A fleet of COVID-19 vaccine candidates is moving through human studies — and facing concerns that clinical trials are being rushed and patient safety is being compromised. That’s not happening, so it’s not what keeps me up at night. My main worry? The obstacles to getting pandemic vaccines out to the world when, and if, evidence of safety and efficacy do come in. Most of the logistics that will slow delivery are getting scant attention. We must plan for these, to speed things up without compromising safety.
I am not an immunologist, virologist or epidemiologist. For the past 30 years, I have worked as a biotechnology venture capitalist. This May, I was appointed chair of the UK Vaccine Taskforce. Our main job is to identify, manufacture and develop the most promising pandemic vaccines and deliver them rapidly to the populations that need them. COVID-19 gives us an opportunity to create a permanent system for supplying vaccines for future pandemics, quickly and safely; this process must become as routine and reliable as crafting the yearly influenza vaccine.
Time and again, I’ve see outstanding science slowed down by the ‘boring stuff’ — practicalities. That includes delays in manufacturing scale-up and legal approvals slowing pivotal US trials of one of my UK company’s potentially life-saving drugs, or progress hampered by logistics, regulatory disagreements and inadequate data disclosure, as we saw in the Ebola pandemic. Often, the problem is not the science or the clinical trials, but the infrastructure. We must take pains now to make sure this does not stall future pandemic vaccines.
When I agreed to lead the vaccine task force in the United Kingdom, I set conditions to allow quick work. For example, government processes usually require sequential approval from each department involved, but our task force operates at speed and in parallel, and we are funding scale-up of manufacturing in parallel with clinical trials. We have a single ministerial approval process for spending commitments. Such streamlining is essential for developing rapid pandemic countermeasures and decision-making.
An ideal pandemic vaccine would be acceptably safe for everyone, effective in inducing a durable protective immune response, rapidly scalable, stable at room temperature, single dose and cost effective. None of the current candidates has all these characteristics. The front-runner mRNA vaccines demand (very) cold storage, at least two injections and, in some cases, site-of-care dilutions, raising costs and complicating delivery. We need to invest and focus on making vaccines easier to manufacture, transport and administer.
Annual flu vaccines provide a good model for fast regulatory approvals that don’t compromise safety. The shot is developed anew each year for that year’s flu virus, and approval follows a well-worn path. Once a pandemic vaccine format (for instance, mRNA or specific viral vector) has been approved, regulators should consider what new risks a specific vaccine poses, and nimble clinical trials could be designed to mitigate these risks and speed future approvals.
Countries can set up provisions for conditional approval now, to enable the rapid distribution of pandemic vaccines before full authorization is secured. The fact that the US Food and Drug Administration has specified criteria for authorization is a step in the right direction. We also need globally networked infrastructure for real-time, proactive surveillance of adverse events and effectiveness once the vaccines are in use, because it is critical to maintaining public trust and safety.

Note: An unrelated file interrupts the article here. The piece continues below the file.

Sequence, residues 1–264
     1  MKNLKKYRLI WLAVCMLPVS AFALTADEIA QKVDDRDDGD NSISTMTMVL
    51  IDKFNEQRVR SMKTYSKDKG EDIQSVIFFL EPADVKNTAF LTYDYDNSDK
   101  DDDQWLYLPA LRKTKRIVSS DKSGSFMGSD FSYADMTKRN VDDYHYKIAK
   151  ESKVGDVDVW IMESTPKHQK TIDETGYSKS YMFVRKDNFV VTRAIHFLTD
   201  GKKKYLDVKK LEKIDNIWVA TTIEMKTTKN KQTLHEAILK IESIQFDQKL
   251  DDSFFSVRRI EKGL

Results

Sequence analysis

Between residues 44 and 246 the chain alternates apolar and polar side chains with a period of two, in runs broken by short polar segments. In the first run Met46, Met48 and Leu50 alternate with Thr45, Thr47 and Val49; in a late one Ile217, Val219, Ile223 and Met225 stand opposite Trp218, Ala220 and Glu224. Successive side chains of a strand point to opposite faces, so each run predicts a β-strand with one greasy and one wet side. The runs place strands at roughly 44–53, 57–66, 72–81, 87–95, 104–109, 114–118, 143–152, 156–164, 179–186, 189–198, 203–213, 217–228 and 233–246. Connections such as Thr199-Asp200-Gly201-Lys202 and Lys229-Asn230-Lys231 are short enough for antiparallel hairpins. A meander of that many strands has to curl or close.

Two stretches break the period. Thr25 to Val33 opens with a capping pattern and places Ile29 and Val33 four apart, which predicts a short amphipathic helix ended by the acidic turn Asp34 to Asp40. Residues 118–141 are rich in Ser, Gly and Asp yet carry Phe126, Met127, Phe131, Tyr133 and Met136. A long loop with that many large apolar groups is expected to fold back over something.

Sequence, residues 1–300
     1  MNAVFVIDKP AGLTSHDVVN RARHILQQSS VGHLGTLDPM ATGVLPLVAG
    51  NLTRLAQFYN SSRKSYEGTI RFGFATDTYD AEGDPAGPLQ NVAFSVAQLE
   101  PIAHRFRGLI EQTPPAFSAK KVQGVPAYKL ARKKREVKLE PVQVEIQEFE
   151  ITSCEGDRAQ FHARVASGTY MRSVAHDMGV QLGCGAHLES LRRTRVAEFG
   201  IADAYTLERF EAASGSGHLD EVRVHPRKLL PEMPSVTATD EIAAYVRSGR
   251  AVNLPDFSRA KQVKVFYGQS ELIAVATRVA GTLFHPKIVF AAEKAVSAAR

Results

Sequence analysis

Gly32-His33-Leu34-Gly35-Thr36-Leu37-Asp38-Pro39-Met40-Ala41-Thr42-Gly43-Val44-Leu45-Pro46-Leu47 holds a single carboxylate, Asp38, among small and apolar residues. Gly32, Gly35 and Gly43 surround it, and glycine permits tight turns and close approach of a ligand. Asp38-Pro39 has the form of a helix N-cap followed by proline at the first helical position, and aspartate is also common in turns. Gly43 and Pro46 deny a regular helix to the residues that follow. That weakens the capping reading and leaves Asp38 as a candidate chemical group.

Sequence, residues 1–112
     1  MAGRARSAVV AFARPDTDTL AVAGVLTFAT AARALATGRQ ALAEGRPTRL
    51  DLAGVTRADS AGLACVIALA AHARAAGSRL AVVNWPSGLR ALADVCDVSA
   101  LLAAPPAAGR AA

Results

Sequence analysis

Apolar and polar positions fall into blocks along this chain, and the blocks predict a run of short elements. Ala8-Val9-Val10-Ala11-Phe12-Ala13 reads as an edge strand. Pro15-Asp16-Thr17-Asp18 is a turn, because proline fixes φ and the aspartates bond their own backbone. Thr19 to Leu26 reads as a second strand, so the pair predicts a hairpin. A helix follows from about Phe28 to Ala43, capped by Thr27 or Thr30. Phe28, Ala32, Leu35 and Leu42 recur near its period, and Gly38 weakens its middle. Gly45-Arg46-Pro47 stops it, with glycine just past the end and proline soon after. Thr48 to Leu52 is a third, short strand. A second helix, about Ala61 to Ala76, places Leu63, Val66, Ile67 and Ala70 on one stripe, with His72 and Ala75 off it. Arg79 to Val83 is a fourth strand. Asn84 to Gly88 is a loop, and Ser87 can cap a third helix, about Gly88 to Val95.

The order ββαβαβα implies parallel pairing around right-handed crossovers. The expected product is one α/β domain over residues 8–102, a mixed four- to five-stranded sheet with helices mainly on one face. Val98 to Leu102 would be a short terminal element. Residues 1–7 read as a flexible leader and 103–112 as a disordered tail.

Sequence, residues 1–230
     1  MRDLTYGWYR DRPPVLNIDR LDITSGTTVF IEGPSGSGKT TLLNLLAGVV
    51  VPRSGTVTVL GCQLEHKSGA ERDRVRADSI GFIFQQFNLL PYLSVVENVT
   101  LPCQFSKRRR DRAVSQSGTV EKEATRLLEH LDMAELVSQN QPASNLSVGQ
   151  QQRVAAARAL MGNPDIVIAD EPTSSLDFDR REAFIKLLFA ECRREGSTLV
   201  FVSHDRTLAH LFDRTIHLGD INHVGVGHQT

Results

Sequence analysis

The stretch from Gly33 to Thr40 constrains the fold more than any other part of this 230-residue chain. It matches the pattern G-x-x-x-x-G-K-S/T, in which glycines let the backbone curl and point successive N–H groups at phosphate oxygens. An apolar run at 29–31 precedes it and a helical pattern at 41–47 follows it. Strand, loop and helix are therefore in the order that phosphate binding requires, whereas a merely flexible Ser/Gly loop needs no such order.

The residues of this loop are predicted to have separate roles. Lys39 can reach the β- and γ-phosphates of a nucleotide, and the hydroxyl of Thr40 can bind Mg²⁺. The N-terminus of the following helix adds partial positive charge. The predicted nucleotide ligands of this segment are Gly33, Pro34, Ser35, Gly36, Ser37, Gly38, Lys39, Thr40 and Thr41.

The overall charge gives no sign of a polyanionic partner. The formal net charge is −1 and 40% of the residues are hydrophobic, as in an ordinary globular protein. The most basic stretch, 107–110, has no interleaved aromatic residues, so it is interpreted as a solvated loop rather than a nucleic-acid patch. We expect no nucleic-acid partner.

Over time, we should adopt techniques from cancer-drug development to improve vaccine trials, in particular by connecting immune responses and other biomarkers to clinical outcomes. For COVID-19, controlled human challenge studies could play a part in generating rapid safety and efficacy data when there are treatments to protect volunteers from severe disease.
Manufacture must also be streamlined and global capacity boosted. We need to build flexible and scalable vaccine facilities around the world that can be commandeered for pandemic use when needed. They should be financially sustainable, with a workforce and infrastructure. Investing in low-cost, highly scalable, sterile filling technologies such as high-throughput plastic moulding (to replace costly glass vials) could also save lives.
But I believe the greatest need is for a permanent global pandemic-vaccine purchasing and funding facility so that rich and poor countries can get vaccination in parallel. The COVAX initiative for COVID-19, co-led by GAVI, a funder of immunizations for low-income nations, and supported with, among others, a £500-million (US$647-million) pledge from the United Kingdom, is a promising start. COVAX allows rich countries to buy vaccines for poor countries, alongside buying vaccines for their own citizens. But we were nine months into the pandemic before agreements were formalized. If a global pandemic-vaccine financing mechanism had already been established — as many called for after Ebola — then funding commitments could have taken less than a month, with supply agreements following quickly behind. No bilateral agreements would be needed.
All these efforts must be set up to last beyond COVID-19. At least nine coronaviruses from bats have not crossed into humans. These, plus other zoonotic diseases — and mutations in current strains — make future pandemics likely. Our challenge is to go from unknown infection to vaccination as fast as possible – ideally, in less than six months.
Nature 586, 171 (2020)